This installment of 30 Failures by 30 deals with an inadequacy nearest to my heart–failure to nicely fill out a sweater. If you are sensitive to discussion about breasts or sex-related matters, you might want to skip to another entry.
In general, flat-chested girls are often ridiculed and overlooked as sex objects. We don’t get fair representation in the media. The best role models we have are Olive Oyl and Helen Gurley Brown–neither great examples of female empowerment. In fact, most small-breasted women involved in the media have succumbed to insecurity/pressure and undergone breast augmentation. Even Helen Gurley Brown went up a cup size at age 73. We don’t have charming euphemisms for our breasts–unless you consider “mosquito bites” to be a term of endearment. More often than not, we are made to feel ashamed of our bodies. Granted, it’s rare to find anyone who actually has a positive body image. It seems like everyone’s got some flaw they’re looking to conceal or change.
Through exposure to television, magazines, billboards, and a well-endowed older sister, I assumed an ample bosom was the norm. I fully expected that by my 13th birthday I would develop my own set of perky breasts that would magically lift me out of my pudgy awkward childhood. Sadly, I remained pudgy and awkward for another six years. And by age 29, I think it’s safe to assume that I’m not just a late bloomer.
We’re programmed to expect some sort of development in the chest region. And when it doesn’t quite happen, it’s very disappointing. Waking up every day with small breasts is like Christmas morning and discovering all your friends got Barbie dream houses and you got a package of socks. Well, I suppose those might come in handy. Anyway, it’s a bummer. Not only personally, but to suitors and beaus. When a boy realizes that he’s fallen for a small-chested girl, he has to quickly disguise his disappointment. “Oh…well that’s alright…y’know, more than a mouthful is a waste…” he says, followed by a half-hearted chuckle. And even though both parties move past it and might settle into a cozy little relationship, the ghost of his disappointment lingers.
Despite my lack of buoyancy, I have dated pretty steadily since my first date as a freshman in high school. Being small-chested hasn’t rendered me a hopeless spinster, never to know the feel of a man’s touch. However, even though all of the guys have been kind and accepting, none have been especially enthusiastic on first encounter of my A-cups. In other words, no one’s said “Oh boy, I love small tits! This is the best day ever!” And in some cases there might have been some expectations that I might be willing to do certain other things. Y’know, since he’d been so gracious about accepting me as I am. We don’t keep in touch.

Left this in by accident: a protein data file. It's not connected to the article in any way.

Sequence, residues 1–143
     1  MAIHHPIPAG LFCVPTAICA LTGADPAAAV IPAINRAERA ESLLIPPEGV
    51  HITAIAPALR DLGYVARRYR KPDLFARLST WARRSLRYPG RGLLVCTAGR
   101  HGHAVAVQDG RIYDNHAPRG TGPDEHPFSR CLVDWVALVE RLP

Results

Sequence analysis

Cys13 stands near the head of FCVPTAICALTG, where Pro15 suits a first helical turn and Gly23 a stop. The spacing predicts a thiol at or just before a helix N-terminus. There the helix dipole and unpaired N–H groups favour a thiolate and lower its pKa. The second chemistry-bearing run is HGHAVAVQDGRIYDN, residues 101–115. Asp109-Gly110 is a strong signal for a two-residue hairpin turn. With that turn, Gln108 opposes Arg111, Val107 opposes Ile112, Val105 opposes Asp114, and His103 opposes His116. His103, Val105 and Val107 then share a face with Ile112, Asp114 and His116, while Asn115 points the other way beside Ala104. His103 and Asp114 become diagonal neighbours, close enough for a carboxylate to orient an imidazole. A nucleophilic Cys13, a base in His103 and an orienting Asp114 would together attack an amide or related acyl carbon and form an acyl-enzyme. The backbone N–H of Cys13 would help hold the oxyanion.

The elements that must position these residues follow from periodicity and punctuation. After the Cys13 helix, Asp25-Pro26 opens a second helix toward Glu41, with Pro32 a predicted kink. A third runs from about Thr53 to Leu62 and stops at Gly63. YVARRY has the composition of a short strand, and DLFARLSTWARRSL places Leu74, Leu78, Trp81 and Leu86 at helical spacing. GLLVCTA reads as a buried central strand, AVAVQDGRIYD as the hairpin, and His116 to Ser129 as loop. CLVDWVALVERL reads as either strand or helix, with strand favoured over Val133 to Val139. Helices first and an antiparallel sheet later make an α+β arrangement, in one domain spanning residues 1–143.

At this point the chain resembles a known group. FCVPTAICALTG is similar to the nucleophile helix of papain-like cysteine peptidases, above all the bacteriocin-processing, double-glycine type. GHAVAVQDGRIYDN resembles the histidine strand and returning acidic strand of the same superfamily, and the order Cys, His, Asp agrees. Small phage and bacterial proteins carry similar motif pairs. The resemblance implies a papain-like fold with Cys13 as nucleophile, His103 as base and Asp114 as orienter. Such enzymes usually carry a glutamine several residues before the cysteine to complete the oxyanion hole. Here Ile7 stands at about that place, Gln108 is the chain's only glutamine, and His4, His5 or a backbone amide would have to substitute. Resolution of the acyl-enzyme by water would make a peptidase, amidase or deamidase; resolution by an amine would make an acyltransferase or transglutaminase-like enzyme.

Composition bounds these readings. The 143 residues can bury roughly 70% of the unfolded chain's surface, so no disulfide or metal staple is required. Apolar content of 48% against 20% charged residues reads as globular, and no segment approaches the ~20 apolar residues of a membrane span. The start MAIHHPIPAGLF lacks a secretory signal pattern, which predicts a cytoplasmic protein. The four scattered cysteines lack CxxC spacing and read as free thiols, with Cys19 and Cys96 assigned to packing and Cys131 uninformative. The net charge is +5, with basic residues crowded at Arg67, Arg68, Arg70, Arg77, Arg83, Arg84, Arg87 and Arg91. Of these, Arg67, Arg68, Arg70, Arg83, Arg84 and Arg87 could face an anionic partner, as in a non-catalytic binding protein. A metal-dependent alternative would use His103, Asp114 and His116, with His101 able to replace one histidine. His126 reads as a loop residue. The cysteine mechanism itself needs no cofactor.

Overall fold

All of my friends, growing up and through adulthood, have been substantially more endowed than myself. I couldn’t related to any of the issues my friends had with their breasts. Problems with staring, underwire, bra snapping, back problems, and accidentally dropping spare change into cleavage were foreign to me. So I had no one to join me in my quest for the perfect bra or to try any of the silly regimens offered to small-breasted suckers. All of the experimentations were done sequestered in my bedroom, away from prying eyes and derisive comments.
There are a variety of devices a girl can use if she’s dissatisfied with the size of her chest—exercises, cremes, makeup tricks, falsies, and so on. Thankfully, I grew up with alternatives that were more sophisticated than the ol’ stuff the bra with socks or tissue method. Over time, I tried the Wonderbra, the water bra, the bra with gel-filled cups, and those inserts that look like chicken cutlets. Some more comfortable than others but none could authentically mimic the real things and it all felt deceptive. Any attention received while wearing the falsies wasn’t honest. And it was never fully appreciated. If any padding felt unsecured, I would spend the evening checking myself out in every reflective surface and one eye on my pretend cleavage just in case anything shifted. This distraction made simple activities like talking, eating, and breathing quite challenging. And forget about bowling!
I’ll admit that thoughts of augmentation have flittered through my mind. I never gave it serious consideration because I don’t see the long-term benefits and if I was going to splurge on physical alterations, I’d probably have LASIK or cyborg modifications. Of course, then I’d be a flat-chested lady cyborg, further disenchanting the hordes of geeky boys in my target demographic.
More than feeling inferior or lacking femininity, I feel gypped. I feel like I was robbed of fun and exciting social experiences. People actually look me in the eyes. None of my friends’ brothers “accidentally” walked in on me in the shower. I didn’t attend hair band concerts or Mardi Gras parades and lift my top. I was never a Girl Gone Wild. My dreams of entering the adult entertainment industry were crushed. No. I had to be funny. And creative. And good at Boggle.
Maybe I could dedicate the next 30 years of my life to small breast advocacy. Promote myself as a successful member of the IBTC. That would first require a success. Maybe I’ll toss out all the padded bras and embrace my body as it is, not as society perceives it should be. Or maybe I’ll write a novelty book of euphemisms for small breasts.
If you haven’t had the occasion to read Helen Gurley Brown’s books, I recommend it for her unintentionally hilarious use of italics and self-loathing. I read a bit via Google’s book search and plan to read more when I’m feeling low. Or you can listen to Love Lesson 2 at April Winchell’s site.